- kidney failure
- alcohol use disorder
- low thyroid (hypothyroidism)
Treatment and management of muscle pain and muscle spasms
Sometimes muscle pain and spasms resolve themselves. Other times, home treatment can provide relief. Things that you can try include:
- resting the muscles that are aching, especially if the pain is related to overuse or physical activity
- taking over-the-counter (OTC) pain relief such as paracetamol or ibuprofen
- applying ice to the affected area to relieve inflammation
- gently stretching your muscles
- stress relief techniques in order to reduce tension
- ensuring you stretch, warm up, and cool down properly before and after exercise
- avoiding extremes in temperatures and staying hydrated in warm environments
- prescription medications
If muscle pain occurs during physical activity, it may be a sign that you have ‘pulled’ or strained a muscle. You should stop whatever you’re doing immediately, and seek medical advice.
In the case of muscle spasms, try gently stretching and massaging the muscle or holding it in a stretched position until the spasm stops. You could also try icing the area, or applying heat from a heating pad or warm towel.
When should I see a doctor?
You can usually manage and treat muscle pain from minor injuries, stress or exercise with home treatments. The same applies for muscle spasms. However, there are some situations where you should visit your doctor. These include:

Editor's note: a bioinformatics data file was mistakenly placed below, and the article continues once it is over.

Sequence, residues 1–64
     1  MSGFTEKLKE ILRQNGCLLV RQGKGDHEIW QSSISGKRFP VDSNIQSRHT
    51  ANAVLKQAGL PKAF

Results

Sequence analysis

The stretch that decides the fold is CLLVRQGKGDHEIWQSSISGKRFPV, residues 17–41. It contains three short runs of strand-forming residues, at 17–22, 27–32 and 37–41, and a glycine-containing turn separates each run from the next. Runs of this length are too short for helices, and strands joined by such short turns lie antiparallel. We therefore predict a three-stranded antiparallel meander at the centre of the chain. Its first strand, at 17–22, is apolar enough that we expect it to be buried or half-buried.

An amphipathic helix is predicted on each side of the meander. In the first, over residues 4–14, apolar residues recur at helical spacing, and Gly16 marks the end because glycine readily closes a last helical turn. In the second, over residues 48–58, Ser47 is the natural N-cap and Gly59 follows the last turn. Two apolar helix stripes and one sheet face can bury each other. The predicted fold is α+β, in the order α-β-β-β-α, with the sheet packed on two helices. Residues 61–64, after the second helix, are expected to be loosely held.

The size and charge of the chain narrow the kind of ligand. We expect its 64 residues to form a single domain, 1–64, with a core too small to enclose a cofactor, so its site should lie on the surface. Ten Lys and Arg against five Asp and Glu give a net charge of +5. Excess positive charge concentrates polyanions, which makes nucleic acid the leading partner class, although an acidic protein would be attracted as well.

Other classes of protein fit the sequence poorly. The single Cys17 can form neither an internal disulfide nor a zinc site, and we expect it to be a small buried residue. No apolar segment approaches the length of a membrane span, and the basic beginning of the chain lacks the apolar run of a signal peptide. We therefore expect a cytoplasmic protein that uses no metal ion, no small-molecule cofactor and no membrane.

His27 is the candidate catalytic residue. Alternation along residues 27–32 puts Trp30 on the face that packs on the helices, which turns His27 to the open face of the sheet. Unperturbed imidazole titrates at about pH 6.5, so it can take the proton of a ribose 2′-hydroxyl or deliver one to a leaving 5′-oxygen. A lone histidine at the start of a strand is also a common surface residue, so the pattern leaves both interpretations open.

- muscle pain related to a serious injury
- pain that persists or gets worse, even with home treatments
- muscle pain that accompanies a rash or swelling
- muscle pain, especially in your calves, that occurs with exercise and improves with rest
- muscle pain that occurs after a tick bite
- pain or spasms that occur after taking a new medication, or increasing the dosage of a current medication
- pain or spasms that accompany weakness or loss of sensation
- muscle spasms that occur frequently, are severe, persist for a long time, or respond poorly to home treatment
- muscle pain or spasms that occur without a clear cause
You should seek immediate medical care if you experience muscle pain and:
- trouble breathing
- extreme muscle weakness
- a high fever and stiff neck
How TerryWhite Chemmart can help
If you’re experiencing joint pain, we are here to help. Speak to your local TerryWhite Chemmart pharmacist about your symptoms so we can recommend the products that may be right for you, to help relieve pain and inflammation.
If you’ve been using medication to manage your chronic pain with little success or are using pain medication alongside other medication, book a Pain Medication Review with one of our pharmacists. They can assess medication you’re currently taking, and make recommendations based on what may be best for you.
Book a Pain Medication Review today by calling your local TerryWhite Chemmart or book online.
General advice only – this information should not replace the information provided to you by your health care professional. If symptoms are severe or persist, please speak to your health care professional. Information current as of date of publishing.